The Truth About Animal Testing and Cosmetics

Every year, millions of animals are victimized by cruel businesses in the beauty industry. Popular brands like Avon and Garnier expose these innocent beings to unsafe chemicals that leave them with a number of health complications – or death – in order to provide “safe” products for their customers. For example, some companies will force dangerous liquids into the eyes of albino rabbits and leave them in small cages for several days to record the damage. For the rabbits, this can mean swollen eyelids, bleeding, or blindness.

Most people either don’t know that animal testing exists in the cosmetics industry, or they believe it is necessary to protect consumers from dangerous side-effects. However, more and more people are now realizing that the latter just isn’t true. Not only is animal testing unnecessary, it’s also unreliable. 

1. Animal Testing Doesn’t Work.

Humans and animals differ both genetically and biologically, and because of this, they respond to chemicals in different ways. Think about how difficult it is to predict how one drug will affect different people, let alone a different species. We can take one example from the sedative thalidomide. In the 1950s,  it was successfully tested on animals, so doctors started giving it out to help pregnant women suffering from morning sickness. Unfortunately, because the tests were unreliable, more than 10,000 children wound up with birth defects.

Here’s more proof: in the 1920s, Alexander Fleming began testing penicillin on animals. Not surprisingly, it had a vastly different effect on the animals than on people, prolonging its use in the medical field; the drug was either ineffective or it killed those animals that were forced to take it. Luckily, it was later found to be safe in humans and, as a result, has saved millions of lives. Just imagine how different the world would be if we had relied on Fleming’s initial tests…

2. Animal Testing Alternatives.

This may come as a surprise, but animal testing isn’t required for selling cosmetics. In fact, the FDA’s only demand when it comes to these products is that their ingredients are “adequately substantiated for safety” or that a product warns customers that it has not been tested. The FDA cannot demand specific tests for products, so this is ultimately left to those putting them on the market.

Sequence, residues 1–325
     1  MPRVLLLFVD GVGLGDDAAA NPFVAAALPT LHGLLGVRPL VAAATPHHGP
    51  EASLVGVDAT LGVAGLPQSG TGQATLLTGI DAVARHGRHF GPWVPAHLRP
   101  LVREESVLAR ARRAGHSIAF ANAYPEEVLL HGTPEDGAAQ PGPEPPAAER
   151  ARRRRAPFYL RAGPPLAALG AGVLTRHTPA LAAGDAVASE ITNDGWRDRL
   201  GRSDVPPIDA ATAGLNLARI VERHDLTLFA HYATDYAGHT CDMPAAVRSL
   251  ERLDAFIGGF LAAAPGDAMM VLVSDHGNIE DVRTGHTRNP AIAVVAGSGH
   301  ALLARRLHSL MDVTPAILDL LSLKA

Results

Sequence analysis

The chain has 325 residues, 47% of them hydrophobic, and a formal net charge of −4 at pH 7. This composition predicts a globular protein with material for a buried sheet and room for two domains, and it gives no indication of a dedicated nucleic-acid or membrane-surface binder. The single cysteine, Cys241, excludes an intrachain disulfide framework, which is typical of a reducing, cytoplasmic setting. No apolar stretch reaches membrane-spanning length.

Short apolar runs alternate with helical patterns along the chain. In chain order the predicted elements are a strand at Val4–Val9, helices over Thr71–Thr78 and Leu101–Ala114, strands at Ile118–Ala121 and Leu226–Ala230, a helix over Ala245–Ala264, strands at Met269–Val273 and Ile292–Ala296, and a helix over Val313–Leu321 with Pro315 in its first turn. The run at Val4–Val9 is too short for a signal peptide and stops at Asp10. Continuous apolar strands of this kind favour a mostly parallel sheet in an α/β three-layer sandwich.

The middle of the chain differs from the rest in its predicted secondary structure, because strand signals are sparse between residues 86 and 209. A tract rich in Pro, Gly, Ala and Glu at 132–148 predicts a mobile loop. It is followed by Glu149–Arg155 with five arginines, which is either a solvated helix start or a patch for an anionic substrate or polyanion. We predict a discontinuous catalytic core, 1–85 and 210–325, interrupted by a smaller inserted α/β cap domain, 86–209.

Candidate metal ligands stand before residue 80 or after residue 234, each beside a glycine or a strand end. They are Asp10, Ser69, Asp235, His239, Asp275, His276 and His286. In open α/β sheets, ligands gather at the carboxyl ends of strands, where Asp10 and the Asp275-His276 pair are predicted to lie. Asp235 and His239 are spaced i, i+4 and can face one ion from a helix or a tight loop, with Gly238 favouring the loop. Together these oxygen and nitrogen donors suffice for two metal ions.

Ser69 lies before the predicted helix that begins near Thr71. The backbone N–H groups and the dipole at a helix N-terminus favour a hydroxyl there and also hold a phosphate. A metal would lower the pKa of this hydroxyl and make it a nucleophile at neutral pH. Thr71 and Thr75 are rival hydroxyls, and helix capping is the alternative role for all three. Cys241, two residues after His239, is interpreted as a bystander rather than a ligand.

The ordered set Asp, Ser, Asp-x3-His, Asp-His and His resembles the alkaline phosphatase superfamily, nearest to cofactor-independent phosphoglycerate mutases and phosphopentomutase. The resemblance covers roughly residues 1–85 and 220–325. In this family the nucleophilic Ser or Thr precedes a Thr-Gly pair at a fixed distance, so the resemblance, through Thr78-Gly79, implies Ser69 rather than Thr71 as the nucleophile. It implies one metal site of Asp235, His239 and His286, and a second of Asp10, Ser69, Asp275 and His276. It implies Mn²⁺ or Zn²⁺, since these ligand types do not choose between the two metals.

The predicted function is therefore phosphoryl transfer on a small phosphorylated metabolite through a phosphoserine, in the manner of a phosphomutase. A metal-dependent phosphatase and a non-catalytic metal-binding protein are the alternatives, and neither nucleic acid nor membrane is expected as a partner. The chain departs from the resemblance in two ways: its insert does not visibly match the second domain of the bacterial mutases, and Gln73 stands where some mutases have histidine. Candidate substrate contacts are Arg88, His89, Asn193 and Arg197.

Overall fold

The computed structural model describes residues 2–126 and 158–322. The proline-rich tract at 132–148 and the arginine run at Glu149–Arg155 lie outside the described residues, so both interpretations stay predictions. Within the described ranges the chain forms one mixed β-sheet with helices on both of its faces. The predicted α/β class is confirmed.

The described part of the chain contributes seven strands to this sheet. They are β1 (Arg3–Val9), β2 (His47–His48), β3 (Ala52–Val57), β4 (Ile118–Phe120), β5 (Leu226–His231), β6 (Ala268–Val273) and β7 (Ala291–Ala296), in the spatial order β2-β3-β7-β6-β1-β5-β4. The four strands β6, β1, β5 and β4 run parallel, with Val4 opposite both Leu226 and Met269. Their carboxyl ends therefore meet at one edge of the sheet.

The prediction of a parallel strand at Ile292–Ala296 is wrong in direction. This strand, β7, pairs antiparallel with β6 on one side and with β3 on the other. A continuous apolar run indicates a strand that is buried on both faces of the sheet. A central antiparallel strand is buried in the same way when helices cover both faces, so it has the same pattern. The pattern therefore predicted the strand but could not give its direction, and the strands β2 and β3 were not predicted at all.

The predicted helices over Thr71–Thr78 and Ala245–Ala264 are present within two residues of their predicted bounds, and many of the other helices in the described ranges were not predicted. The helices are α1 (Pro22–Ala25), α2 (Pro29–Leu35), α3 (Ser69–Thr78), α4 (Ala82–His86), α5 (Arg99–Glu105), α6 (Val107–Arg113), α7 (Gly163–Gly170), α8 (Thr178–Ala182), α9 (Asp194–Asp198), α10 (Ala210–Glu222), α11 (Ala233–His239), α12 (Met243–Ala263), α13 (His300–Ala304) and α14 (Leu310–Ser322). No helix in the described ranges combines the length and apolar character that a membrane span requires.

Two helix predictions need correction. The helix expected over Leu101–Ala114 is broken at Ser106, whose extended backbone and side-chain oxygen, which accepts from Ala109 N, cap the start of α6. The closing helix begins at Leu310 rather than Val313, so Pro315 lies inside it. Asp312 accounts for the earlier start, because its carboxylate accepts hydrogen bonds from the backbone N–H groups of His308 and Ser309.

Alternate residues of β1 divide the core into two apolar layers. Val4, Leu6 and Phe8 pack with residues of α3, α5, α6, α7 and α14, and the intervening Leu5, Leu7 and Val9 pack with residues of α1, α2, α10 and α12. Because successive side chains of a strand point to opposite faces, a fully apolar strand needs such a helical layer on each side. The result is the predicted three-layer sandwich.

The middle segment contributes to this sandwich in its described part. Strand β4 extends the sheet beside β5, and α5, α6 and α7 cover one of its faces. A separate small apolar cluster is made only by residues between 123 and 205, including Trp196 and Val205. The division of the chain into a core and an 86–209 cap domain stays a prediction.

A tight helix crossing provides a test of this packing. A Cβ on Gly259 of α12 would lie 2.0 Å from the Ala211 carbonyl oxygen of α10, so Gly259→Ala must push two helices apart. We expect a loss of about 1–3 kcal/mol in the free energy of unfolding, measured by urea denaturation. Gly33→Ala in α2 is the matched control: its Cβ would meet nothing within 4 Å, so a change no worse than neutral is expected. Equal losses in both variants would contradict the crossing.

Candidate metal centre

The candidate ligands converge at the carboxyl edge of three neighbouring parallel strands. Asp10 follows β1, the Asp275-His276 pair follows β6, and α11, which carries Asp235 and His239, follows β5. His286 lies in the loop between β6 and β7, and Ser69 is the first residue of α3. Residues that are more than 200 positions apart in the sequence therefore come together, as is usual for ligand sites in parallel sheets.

If animal testing isn’t required, then why do so many companies do it? Well, it pretty much all comes down to one thing: money. Besides the fact that animal testing is relatively inexpensive, its unreliability makes it easier for companies to sell what they want. The tests can also offer protection in the event of a lawsuit.

So, what can companies do to avoid animal testing and still provide safe products? There are quite a few things. Aside from using ingredients that are already FDA-approved, companies can use computer-generated tests, cell and tissue cultures, and corneas from eye banks. While perhaps not as easy or “cheap,” these tests are far more reliable and thus should be far more desirable for the company producing them. After all, the best cosmetics companies should want not only to please you with their products, but also to ensure your safety!

3. How You Can Help

The best way that you, as a consumer, can help end animal cruelty in the beauty industry is to simply stop supporting it. There are plenty of cruelty-free products on the market that are just as great – or better – than anything you could find at your favorite cosmetics store. At Brick & Mirror Beauty we strive to offer only the best cruelty-free hair and makeup products in an effort to put a stop to this unnecessary cruel treatment of animals. We hope you will take a look at what we have to offer and help us fight animal cruelty. 

Sources:

http://www.onegreenplanet.org/animalsandnature/cometic-brands-that-are-not-cruelty-free/

http://www.navs.org/science/failure-of-the-animal-model

http://bit.ly/1eQB5dZ

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